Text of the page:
Jewish Funeral Services

At Bobbitt Memorial Chapel, we're dedicated to providing tradition to the families of San Bernardino, by offering Jewish funeral services.  After establishing whether or not your loved ones arrangement has already been made or not, we will began by contacting the Rabbi or Cantor.  We will set up a meeting between one of our funeral arrangers and the family to began planning the service you'd like to have. Trained employees of the mortuary will bathe and dress the body with care and respect, according to traditional Jewish law.  No natural or chemical agents are used to preserve the body.  However, if the burial is to be delayed, embalming may be required by California state law.

A traditional burial will include dressing the deceased in a plain white shroud (tachrichim) and a traditional wooden casket that has no metal parts. Other than the shroud, the only item that may be buried along with the dead person according to Jewish law is a tallit (prayer shawl) with one of its corner fringes (tzitzit) cut. The tzitzit are removed because the dead cannot fulfill the mitzvot. The Biblical basis for the tzitzit is in the book of Numbers 15:38 where it is written, “Speak to the Israelite people and instruct them to make for themselves fringes (tzitzit) on the corners of their garments throughout the ages…look at it and recall all the commandments of Adonai and observe them…”  This allows for a natural returning of the body to the earth and shows that wealth means nothing in death.

The casket is closed before Jewish funeral services begin for two reasons; one is out of respect for the deceased, that he/she should not be viewed as an object; and the other is that once the funeral service begins, the process of mourning also begins. Mourning the loss of a loved one is very painful. Yet, the pain is a necessary aspect of the mourning and should not be delayed in any way.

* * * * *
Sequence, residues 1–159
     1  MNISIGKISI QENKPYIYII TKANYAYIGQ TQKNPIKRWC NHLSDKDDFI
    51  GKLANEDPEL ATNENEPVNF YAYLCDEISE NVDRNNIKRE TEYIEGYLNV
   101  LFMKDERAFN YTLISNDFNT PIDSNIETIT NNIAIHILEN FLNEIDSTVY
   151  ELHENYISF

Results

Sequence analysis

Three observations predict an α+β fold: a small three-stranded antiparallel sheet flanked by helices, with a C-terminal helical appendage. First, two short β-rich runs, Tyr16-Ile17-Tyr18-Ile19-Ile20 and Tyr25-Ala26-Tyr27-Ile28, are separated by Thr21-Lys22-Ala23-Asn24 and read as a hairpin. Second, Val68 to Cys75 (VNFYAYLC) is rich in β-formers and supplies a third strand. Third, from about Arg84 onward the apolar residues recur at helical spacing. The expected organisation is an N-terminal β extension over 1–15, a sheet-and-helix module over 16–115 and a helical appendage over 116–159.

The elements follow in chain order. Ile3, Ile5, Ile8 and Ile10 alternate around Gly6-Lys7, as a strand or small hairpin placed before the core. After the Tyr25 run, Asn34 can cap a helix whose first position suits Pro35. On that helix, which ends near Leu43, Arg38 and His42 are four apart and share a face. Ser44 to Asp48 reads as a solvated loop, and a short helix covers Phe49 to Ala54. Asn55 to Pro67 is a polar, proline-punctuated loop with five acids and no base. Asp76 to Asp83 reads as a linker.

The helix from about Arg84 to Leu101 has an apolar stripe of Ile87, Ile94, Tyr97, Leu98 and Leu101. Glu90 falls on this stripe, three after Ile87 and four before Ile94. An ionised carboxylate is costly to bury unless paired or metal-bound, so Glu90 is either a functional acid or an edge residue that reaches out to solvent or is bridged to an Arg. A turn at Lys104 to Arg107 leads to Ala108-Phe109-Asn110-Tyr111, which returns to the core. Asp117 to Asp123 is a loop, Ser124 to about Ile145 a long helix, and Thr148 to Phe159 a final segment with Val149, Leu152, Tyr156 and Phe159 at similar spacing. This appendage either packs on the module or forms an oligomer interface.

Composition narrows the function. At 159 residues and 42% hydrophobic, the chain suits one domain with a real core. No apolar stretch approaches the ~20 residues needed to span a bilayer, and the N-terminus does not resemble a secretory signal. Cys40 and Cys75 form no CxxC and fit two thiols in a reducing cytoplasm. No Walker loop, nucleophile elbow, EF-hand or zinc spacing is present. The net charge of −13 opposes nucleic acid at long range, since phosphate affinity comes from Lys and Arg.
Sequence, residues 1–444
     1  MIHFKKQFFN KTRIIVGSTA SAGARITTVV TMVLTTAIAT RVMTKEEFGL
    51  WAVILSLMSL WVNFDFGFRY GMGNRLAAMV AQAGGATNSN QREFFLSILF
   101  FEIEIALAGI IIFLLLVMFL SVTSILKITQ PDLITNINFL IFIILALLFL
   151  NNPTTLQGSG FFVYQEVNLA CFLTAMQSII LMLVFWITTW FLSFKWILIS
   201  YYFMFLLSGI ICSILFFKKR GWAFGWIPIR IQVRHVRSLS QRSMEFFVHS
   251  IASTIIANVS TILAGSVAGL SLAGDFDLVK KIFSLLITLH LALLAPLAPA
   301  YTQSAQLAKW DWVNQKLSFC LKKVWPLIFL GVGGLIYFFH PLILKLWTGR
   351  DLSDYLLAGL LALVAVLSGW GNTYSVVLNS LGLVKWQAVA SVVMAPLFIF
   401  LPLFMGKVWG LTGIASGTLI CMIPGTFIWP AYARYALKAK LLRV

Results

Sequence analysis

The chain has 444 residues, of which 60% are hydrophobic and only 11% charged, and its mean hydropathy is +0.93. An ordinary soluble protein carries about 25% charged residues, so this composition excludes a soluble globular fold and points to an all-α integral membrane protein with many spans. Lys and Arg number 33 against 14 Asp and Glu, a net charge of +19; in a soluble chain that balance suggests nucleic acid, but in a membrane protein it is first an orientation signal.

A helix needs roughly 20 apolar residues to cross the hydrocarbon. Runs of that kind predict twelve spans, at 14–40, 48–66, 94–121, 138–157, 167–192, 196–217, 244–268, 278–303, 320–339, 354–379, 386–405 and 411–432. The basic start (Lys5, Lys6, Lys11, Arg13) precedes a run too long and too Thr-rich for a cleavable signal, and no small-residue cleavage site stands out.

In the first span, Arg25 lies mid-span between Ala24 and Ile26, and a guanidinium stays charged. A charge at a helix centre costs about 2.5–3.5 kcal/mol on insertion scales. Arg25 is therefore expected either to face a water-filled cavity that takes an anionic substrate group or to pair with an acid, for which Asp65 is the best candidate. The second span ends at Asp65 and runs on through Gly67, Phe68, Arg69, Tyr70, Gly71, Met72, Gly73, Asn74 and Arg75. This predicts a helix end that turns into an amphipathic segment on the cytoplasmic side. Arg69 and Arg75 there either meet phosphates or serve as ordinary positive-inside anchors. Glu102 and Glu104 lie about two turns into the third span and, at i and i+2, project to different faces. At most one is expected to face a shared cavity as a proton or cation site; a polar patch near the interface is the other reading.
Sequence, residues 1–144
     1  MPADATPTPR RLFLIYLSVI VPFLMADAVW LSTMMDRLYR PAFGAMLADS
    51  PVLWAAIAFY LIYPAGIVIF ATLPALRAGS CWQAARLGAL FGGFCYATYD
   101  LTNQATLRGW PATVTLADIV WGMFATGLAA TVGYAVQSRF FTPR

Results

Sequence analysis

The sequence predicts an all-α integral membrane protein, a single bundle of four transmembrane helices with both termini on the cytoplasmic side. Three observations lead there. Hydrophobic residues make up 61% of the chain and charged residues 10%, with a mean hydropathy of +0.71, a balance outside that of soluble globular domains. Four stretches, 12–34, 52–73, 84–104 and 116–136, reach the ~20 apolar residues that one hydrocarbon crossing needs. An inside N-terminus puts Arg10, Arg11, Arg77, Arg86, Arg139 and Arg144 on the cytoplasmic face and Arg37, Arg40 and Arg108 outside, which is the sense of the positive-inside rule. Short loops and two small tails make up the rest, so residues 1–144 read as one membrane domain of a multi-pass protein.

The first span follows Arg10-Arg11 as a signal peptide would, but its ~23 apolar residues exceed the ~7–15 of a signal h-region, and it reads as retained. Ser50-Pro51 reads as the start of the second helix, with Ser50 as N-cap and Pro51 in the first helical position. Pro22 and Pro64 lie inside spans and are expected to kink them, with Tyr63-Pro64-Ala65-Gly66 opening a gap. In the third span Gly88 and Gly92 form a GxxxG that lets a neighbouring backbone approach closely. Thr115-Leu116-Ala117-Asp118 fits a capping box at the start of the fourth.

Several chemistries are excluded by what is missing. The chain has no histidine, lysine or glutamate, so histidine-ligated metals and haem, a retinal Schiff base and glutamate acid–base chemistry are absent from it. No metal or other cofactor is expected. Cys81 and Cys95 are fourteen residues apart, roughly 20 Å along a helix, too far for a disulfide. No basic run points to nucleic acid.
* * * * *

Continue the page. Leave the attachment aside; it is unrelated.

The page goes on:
At the conclusion of the service the casket is physically lowered into the grave in the presence of the mourners, a heart-wrenching moment. However, witnessing this act promotes the acceptance of the finality of death. The family begins the burial by placing earth either by hand or by a shovel as a final act of kindness for the deceased who can no longer care for him/herself. There is a custom that the first person who places earth on a grave turns the shovel upside down. This act reflects the deep reluctance a loved one feels to perform this mitzvah. Customarily three handfuls or shovels of earth are the minimum per person. If using a shovel, the person placing earth returns the shovel to the earth and not directly to the next mourner signifying that he/she has performed the complete mitzvah in burial. All are welcome to perform the mitzvah of burial.